7 Reasons to Consider a Business Credit Card

It used to be daring and unusual to march off to start your own business. Not so any longer. Today, solopreneurs, freelancers, contract workers, “permatemps” and other non-employed workers make up one third of the American workforce. Still others successful operate small and micro businesses, employing 1-50 workers. Some of these folks are surprised when they venture out to independence and find themselves confronted with challenges seemingly unrelated to the business they engage in.

Good financial management is critical to operating any successful business. Separating your business finances from personal is a huge step in the right direction. Getting a business credit card offers several distinct advantages.

Keep business and personal finances separate

The more money going in and out of your business, the more of a nightmare bookkeeping and taxes are when it comes time to separate personal from business. If your business is incorporated, it’s critical to avoid co-mingling funds. The legal protection afforded to you, the person, by the act of incorporation is voided if you fail to keep personal money out of the business and vice versa. If your business is ever sued, a smart lawyer will immediately seek to sue you, the person, alongside your company on the basis that you co-mingled funds and otherwise failed to keep business and personal assets separate.

Build business credit

Using a business credit card responsibly builds a good credit history for your business, separate from your own personal credit history. Initially, you’ll have to personally guarantee repayment. Approval will depend on your personal credit score and credit history, and your credit is intertwined with that of your business. Later on, once you build a credit history for your business, you’ll be able to apply for financing based solely on the business’s credit, allowing you to further separate business finances from personal. It’s important to note, though, that positive financial behavior on your business account might not show up on your personal credit history. Default, however, will show up on your personal credit report and will negatively affect your credit score.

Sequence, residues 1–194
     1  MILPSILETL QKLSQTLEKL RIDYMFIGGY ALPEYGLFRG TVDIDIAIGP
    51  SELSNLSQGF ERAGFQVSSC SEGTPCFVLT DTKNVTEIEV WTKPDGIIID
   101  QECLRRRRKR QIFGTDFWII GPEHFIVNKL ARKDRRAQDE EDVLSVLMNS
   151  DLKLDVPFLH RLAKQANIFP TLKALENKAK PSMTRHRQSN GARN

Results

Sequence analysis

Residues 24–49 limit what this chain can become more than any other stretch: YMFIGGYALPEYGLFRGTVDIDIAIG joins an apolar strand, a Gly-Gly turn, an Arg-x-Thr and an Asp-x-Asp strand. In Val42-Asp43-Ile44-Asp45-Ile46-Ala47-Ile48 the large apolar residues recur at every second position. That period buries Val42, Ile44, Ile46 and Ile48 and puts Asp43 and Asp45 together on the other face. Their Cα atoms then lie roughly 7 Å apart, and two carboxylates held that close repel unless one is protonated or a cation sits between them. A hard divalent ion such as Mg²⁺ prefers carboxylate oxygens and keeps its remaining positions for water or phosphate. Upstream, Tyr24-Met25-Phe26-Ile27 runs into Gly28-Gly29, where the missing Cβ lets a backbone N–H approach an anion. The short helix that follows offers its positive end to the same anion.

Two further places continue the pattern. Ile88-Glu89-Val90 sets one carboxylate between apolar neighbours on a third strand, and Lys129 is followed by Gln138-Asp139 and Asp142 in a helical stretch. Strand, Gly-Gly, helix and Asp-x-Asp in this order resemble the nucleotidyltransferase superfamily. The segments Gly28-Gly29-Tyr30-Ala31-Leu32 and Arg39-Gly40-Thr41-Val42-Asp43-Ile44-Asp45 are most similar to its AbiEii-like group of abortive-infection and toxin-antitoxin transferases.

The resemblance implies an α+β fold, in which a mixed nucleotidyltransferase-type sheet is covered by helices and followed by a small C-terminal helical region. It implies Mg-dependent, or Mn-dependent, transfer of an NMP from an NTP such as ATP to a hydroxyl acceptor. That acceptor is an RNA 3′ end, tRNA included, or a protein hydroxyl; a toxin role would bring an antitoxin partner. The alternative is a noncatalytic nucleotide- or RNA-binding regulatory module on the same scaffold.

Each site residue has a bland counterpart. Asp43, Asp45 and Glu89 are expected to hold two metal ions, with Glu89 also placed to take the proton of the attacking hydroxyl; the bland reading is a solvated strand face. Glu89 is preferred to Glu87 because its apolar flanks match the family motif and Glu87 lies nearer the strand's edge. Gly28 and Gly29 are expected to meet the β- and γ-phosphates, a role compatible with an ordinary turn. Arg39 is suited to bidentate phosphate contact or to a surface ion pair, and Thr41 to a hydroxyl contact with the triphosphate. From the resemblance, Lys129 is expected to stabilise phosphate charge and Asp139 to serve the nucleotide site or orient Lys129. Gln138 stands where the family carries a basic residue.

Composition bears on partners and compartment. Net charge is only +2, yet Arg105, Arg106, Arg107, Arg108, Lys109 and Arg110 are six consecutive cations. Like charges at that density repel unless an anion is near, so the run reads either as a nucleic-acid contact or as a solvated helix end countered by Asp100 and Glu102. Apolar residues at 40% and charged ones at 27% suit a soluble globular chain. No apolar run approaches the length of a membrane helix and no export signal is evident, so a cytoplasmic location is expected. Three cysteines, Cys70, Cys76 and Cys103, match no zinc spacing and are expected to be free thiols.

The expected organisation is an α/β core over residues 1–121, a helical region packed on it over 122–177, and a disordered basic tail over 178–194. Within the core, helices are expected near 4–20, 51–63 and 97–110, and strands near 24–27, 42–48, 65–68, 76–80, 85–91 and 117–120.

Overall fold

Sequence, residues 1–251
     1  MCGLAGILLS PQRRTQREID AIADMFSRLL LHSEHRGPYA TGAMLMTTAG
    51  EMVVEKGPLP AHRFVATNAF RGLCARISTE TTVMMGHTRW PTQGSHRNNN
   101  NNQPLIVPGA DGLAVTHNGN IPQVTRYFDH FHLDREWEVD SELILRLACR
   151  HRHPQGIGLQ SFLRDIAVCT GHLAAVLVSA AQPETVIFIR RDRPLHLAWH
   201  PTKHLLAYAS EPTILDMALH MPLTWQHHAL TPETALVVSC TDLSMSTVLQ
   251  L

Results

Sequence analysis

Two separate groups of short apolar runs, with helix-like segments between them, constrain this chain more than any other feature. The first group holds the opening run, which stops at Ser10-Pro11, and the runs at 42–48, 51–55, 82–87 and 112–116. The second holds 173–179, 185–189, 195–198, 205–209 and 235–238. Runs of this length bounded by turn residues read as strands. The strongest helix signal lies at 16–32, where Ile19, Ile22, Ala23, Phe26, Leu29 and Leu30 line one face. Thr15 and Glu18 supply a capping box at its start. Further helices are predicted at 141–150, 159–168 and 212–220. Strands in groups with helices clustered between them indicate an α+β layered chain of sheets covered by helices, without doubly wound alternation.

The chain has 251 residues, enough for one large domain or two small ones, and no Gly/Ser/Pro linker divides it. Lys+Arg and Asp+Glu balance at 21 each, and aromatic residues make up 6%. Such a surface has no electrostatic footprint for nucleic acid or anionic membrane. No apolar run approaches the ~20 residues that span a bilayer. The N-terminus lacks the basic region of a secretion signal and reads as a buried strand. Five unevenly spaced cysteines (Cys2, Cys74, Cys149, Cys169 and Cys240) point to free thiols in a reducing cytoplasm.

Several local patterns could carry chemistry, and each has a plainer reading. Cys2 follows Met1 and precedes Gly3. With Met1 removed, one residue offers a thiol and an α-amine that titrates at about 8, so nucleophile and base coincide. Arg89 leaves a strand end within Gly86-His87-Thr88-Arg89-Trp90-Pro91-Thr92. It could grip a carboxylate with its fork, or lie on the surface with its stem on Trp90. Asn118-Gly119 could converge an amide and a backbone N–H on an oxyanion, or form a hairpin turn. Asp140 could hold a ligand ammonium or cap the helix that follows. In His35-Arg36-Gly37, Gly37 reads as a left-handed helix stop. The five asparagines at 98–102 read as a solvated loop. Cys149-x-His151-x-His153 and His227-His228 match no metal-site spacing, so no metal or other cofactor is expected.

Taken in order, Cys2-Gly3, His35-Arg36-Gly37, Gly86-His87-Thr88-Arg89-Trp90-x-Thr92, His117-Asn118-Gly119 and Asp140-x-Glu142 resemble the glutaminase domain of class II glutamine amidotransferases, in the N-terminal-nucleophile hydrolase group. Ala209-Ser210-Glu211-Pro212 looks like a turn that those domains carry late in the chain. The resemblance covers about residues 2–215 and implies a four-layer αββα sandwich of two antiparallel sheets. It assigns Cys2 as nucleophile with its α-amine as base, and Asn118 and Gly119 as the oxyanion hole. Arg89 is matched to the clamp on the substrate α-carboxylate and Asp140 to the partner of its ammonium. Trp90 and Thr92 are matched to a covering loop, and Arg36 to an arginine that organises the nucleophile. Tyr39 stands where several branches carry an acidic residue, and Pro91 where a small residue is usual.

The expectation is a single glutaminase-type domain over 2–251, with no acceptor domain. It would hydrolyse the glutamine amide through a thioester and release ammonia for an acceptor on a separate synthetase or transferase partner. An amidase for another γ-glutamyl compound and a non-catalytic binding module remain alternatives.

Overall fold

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Build credibility

Presenting a vendor with a business credit card immediately makes you look more professional and organized. Subtle non-verbal cues like this can have a positive overall effect on their perception of you and subsequently how you are treated.

Tax benefits

You should pay off your balance every month. But if you don’t, the interest you pay on your business account is tax deductible.

Budgeting and bookkeeping

Making all of your business purchases with the credit card helps you keep an accurate eye on the budget. You can give each authorized employee his or her own card and track exactly how it is used. You’ll also have improved cash flow and the opportunity to generate revenue before paying for certain supplies or other expenses. The credit card’s grace period effectively becomes an interest-free loan. Making all of your purchases on one account may also allow you to categorize and limit spending more easily than you could in a cash-based system.

Sign-up bonuses and rewards

Many business cards offer incentives to open and use the account. For example, Chase Ink offers five times rewards for certain qualifying purchases: office supplies and cellular phone, internet, landline and cable t.v. service. One reward point is generally worth about 1%, so this offer nets the card owner a 5% bonus on those purchases. Rewards can be redeemed for statement credit or other items.

Purchase protection

Like personal credit cards, business cards come with a certain amount of protection and free insurance for purchases made using the card. For example, most major business cards offer free auto rental collision damage waivers. Others offer price guarantees on all purchases made with the card.

A word of caution: federal law does not give the same protections to business credit cards as it does to consumer credit cards. Be aware that you take on more risk by opening a business credit card account. The CARD Act of 2009 applies to consumers, not businesses.

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